Communicating the importance of psychology
Psychologist and radio presenter Claudia Hammond will receive the British Academy President’s Medal today for her work in improving public understanding of psychology through broadcasting and writing for wider audiences.
At its 2017 Prizes and Medals ceremony, to be held in central London, the Academy will recognise a host of academics, broadcasters, writers and entrepreneurs for their distinction in – and dedication to – the subjects that make up the arts, humanities and social sciences. Hammond receives the award along with Wikipedia founder Jimmy Wales, Katie Mitchell OBE, Professor James Stevens Curl and Professor Helga Nowotny. Previous winners include Baroness Shami Chakrabarti CBE, the former head of human rights group Liberty.
Professor Sir David Cannadine, President of the British Academy, will host the ceremony. He said of the winners: ‘They have blazed new trails through their disciplines, shown dedication of the highest order and, through their work, furthered understanding of what it means to be human.’
Of her award, Claudia Hammond said: ‘I’m delighted and honoured to be receiving this award from the British Academy. My aim is to communicate the importance of psychology and how evaluating evidence can be useful in all our lives and it’s really nice to see that recognised by such an important institution.’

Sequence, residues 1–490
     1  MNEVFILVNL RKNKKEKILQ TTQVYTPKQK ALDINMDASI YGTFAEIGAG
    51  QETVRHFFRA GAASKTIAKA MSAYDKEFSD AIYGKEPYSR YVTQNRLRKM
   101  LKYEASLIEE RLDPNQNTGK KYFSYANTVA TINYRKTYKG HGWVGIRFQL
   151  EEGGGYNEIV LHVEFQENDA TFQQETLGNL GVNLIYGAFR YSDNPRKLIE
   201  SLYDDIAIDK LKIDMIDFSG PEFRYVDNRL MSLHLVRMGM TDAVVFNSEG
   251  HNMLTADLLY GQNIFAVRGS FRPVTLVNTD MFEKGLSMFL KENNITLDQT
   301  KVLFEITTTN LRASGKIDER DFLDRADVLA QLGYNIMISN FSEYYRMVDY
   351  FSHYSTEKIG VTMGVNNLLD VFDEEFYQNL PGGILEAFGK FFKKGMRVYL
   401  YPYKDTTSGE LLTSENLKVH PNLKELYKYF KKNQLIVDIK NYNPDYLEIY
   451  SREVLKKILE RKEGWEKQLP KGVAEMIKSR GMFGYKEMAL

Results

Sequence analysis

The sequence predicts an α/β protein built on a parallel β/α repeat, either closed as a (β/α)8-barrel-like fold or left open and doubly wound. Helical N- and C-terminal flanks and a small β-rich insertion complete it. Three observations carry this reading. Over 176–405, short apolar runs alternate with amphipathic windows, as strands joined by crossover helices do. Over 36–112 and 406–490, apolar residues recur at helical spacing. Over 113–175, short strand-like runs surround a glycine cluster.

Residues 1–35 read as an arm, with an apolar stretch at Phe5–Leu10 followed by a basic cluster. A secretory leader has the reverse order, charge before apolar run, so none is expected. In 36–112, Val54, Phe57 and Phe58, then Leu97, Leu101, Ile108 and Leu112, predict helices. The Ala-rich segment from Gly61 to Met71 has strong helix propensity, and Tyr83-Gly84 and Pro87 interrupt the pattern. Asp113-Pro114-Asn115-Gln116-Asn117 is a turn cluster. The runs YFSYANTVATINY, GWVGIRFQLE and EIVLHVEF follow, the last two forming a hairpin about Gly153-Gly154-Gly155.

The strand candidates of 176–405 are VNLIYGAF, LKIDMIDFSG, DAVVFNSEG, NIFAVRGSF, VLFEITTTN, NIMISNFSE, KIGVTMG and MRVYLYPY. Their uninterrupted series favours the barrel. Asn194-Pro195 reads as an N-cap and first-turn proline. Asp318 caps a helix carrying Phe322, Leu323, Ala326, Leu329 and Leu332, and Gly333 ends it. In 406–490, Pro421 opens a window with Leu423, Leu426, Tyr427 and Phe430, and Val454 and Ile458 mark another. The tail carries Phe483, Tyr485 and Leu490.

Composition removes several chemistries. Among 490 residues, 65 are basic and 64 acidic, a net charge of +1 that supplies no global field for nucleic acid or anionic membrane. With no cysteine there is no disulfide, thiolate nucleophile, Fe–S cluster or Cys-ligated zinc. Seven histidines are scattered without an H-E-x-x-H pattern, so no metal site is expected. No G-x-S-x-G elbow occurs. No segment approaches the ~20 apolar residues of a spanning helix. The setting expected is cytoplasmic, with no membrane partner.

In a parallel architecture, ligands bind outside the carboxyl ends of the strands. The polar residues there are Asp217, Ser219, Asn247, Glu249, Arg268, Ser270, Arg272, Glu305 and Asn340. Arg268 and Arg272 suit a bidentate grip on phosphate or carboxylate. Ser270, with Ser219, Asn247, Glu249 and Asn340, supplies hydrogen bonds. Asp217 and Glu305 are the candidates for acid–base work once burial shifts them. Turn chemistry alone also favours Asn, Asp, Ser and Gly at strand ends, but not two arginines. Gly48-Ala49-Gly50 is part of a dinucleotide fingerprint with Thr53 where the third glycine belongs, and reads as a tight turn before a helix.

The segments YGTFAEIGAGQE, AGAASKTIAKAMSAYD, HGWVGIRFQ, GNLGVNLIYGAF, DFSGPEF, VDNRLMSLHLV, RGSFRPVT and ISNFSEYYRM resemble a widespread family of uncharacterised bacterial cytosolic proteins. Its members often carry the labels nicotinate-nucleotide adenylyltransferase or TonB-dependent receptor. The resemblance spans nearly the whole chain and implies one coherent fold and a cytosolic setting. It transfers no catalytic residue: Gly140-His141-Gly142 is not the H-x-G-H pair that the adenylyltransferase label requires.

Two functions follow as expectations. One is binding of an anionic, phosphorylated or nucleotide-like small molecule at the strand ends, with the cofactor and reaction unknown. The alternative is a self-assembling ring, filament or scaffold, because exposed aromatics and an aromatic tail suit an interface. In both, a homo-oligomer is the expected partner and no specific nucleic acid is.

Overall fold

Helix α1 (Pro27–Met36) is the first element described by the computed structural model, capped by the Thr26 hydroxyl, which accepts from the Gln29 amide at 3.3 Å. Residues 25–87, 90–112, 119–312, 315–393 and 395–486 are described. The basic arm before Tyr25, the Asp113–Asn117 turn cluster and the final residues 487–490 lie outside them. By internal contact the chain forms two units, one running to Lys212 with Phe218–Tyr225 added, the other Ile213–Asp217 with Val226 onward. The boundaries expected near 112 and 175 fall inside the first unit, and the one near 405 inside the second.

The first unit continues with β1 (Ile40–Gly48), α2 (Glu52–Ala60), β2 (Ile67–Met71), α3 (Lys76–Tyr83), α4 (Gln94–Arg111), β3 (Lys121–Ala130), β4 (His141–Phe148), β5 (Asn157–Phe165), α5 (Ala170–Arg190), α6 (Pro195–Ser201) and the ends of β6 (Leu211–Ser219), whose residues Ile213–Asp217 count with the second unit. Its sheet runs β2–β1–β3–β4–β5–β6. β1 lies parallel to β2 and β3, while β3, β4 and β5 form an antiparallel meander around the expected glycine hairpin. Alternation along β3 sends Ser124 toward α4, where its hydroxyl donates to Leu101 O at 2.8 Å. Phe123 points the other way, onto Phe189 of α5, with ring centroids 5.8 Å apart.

Speaking to us in 2009, Hammond recounted her days working local radio between school and university: ‘Claudia’s Sunday Requests on Hospital Radio Bedford was not an award-winning production… I started it when I was 14. I went round the wards asking for requests and I found myself going in earlier and staying longer. Patients told me their stories and details of their illnesses and treatments. This was what got me interested in psychology, maybe what even led to me doing a postgraduate degree in health psychology.’ On her hopes for the future, she said: ‘What I hope might happen is that just as the field of economics is suddenly catching on to the decades of psychological research on decision-making, that other fields might start to do the same and to realise that there’s all this research out there which could be put into practice. Expert panels and commissions wouldn’t dream of not including an economist. I’d like to see a day when they all have a psychologist too.’
The Wiley Prize in Psychology this year rewards lifetime achievement by an outstanding international scholar, and is awarded to Professor Stanislas Dehaene (INSERM-CEA Cognitive Neuroimaging Unit) for his contribution to the study of the cognitive neuroscience of numeracy, literacy and consciousness.
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